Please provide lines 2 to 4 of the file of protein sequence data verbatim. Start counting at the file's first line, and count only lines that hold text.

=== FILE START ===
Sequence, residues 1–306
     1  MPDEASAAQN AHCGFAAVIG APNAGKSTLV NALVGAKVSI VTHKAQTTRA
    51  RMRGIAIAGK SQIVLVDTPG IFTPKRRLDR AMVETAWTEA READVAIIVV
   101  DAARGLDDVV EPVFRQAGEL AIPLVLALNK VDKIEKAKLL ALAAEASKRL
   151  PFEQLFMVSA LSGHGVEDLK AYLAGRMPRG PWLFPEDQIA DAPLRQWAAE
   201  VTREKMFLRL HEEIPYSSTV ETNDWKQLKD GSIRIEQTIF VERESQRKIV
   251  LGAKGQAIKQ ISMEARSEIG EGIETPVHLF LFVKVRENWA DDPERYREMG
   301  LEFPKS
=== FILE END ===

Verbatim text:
     1  MPDEASAAQN AHCGFAAVIG APNAGKSTLV NALVGAKVSI VTHKAQTTRA
    51  RMRGIAIAGK SQIVLVDTPG IFTPKRRLDR AMVETAWTEA READVAIIVV
   101  DAARGLDDVV EPVFRQAGEL AIPLVLALNK VDKIEKAKLL ALAAEASKRL